COMMENTARY | Like I tell many of my classes, we’ve got good news and we’ve got bad news. The good news, according to the Wall Street Journal, is that more jobs than expected were added to the U.S. economy in April and the unemployment rate fell to 6.3 percent. The bad news, according to NBC, is that employers are not thrilled with Millenial hires. Despite being the most highly-educated generation of job-seekers ever, Millenials are often deemed unready for the expectations of the workplace, researchers have found.
The conflicting views, cultures, and styles of Millenial job applicants and Baby Boomer bosses will become more of an issue as the U.S. economy continues to improve and more Millenials begin moving into “good” jobs requiring college degrees. During the depths of the Great Recession Millenials had to quickly adapt to the desires of Baby Boomer supervisors, knowing that employers had no hesitation to fire those who didn’t “fit the mold.” Now that the economy is better it may not be so easy to simply drop Millenial hires on a whim. Will the job market culture clash heat up in 2014 as hiring picks up, pitting the new generation against the old in ways not seen before?
As a teacher I often warn my high school seniors, many of whom are deeply rooted in the malaise of senioritis, that the real world is not nearly as forgiving as the K-12 classroom. There are no redos, retakes, tutorial sessions, appeals, or public servants whom Mom and Dad can bully. If you can’t hack it, you’re cut. A small business doesn’t have to report its hiring and firing statistics to Washington to appeal for federal dollars. “No Child Left Behind” and “Race to the Top” do not apply to private-sector employers.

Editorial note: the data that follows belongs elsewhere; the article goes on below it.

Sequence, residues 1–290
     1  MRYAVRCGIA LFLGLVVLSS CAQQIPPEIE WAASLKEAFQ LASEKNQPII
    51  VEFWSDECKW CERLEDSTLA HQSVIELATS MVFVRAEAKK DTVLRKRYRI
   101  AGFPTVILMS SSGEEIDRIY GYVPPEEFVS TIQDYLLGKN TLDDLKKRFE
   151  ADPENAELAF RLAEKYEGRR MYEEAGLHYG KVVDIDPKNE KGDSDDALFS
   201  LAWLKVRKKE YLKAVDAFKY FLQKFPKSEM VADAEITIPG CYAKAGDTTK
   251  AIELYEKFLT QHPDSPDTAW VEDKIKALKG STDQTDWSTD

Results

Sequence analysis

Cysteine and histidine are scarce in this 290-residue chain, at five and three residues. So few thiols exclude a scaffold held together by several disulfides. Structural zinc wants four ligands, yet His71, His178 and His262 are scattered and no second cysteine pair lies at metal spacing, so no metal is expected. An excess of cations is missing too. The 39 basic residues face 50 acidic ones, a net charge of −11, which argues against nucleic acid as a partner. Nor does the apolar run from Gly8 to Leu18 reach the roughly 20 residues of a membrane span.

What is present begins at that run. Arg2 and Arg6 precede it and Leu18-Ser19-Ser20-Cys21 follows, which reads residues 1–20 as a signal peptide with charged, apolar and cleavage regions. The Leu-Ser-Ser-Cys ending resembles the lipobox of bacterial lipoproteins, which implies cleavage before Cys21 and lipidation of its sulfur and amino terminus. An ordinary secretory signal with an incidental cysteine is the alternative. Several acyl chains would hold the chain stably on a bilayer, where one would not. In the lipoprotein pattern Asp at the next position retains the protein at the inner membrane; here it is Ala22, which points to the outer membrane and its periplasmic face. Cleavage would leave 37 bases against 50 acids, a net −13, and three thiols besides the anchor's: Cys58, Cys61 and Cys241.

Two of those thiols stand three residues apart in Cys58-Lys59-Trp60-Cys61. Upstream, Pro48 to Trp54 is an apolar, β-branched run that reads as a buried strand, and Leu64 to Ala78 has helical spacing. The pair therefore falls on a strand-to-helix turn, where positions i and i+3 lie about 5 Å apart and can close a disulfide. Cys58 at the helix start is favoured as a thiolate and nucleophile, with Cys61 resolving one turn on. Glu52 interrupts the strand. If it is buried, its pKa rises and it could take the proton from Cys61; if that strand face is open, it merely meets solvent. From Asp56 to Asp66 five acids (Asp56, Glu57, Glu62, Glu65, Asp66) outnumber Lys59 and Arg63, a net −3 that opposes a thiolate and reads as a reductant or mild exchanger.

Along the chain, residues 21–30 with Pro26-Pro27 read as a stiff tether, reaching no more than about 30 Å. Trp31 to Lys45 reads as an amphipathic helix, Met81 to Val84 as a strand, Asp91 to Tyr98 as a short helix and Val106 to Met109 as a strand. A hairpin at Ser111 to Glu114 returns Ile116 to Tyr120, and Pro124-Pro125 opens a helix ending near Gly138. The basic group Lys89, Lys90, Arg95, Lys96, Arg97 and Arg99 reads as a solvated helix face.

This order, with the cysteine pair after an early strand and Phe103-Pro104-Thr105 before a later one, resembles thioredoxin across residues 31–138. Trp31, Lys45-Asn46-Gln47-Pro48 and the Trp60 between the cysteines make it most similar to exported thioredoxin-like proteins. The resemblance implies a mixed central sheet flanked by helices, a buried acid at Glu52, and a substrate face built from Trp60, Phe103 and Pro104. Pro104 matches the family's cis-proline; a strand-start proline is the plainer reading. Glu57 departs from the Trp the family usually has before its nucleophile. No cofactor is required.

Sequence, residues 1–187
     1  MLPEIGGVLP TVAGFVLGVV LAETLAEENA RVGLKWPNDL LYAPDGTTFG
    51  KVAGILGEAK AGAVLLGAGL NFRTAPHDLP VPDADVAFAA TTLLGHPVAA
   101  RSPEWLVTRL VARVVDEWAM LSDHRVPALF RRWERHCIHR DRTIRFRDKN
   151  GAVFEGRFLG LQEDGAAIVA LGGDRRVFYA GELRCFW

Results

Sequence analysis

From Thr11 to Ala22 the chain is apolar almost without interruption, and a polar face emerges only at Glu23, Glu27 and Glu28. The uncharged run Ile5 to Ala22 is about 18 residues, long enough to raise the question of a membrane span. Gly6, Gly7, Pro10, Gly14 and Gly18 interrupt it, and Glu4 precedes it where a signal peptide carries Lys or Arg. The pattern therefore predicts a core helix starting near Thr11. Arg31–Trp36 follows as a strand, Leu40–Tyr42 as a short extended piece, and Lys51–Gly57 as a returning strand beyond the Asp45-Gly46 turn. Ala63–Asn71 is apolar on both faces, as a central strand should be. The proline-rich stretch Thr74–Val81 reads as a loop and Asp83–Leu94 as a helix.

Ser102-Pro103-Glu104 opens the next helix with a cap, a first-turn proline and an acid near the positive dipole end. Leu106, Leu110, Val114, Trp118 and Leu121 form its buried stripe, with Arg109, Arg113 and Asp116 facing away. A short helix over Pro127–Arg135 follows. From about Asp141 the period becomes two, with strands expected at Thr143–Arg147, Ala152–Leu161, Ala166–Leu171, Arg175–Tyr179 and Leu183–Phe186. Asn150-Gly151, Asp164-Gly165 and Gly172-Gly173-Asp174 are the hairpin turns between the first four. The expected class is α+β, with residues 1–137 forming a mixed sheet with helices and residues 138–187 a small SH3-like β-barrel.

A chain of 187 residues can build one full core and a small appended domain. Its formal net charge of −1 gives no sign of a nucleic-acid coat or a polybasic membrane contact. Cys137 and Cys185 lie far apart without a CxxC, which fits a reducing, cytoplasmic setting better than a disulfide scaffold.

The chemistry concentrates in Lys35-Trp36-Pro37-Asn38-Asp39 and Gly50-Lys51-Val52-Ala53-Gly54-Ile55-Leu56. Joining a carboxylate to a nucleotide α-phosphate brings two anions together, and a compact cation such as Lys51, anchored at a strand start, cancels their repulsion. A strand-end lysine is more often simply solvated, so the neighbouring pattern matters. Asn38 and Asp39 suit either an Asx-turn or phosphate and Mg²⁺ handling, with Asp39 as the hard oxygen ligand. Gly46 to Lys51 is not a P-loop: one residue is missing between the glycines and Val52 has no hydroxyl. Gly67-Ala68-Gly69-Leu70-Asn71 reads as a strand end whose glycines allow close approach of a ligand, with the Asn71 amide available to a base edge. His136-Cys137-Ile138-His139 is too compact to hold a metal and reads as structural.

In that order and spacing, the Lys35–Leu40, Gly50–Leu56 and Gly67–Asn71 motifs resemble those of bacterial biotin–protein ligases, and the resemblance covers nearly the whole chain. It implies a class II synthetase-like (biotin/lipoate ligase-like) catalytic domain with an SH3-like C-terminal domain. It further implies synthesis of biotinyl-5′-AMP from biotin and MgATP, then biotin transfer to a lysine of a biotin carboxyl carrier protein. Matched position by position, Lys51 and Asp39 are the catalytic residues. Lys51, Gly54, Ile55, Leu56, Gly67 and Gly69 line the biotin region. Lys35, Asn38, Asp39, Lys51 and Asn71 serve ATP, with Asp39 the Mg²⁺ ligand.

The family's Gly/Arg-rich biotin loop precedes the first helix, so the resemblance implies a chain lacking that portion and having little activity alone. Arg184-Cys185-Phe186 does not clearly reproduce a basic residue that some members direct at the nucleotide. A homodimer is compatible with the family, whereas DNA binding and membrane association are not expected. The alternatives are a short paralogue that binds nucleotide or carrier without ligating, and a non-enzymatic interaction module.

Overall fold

Maybe a big problem is not that we’re not teaching our students well, but rather that we have lost our will and ability to discipline them and instill a work ethic.
Many of my students are extremely smart, but not all of them perform. They know they do not have to. With the end of the school year coming in less than four weeks, far too many of my seniors know how the game is played: I will cave, pad grades, accept laughably inept late work, excuse assignments, and do what it takes to get my passing rate to an acceptable level. The teens aren’t dumb – they’re lazy. And we have allowed them to be.
Instead of being so worried with how well our teens’ test scores compare to those of students in other industrialized nations, perhaps we should be worried about whether or not our teens are on track to become acceptable employees. How can America remain competitive if we can’t convince the Boomer and Gen-Xer bosses to accept Millenial new hires?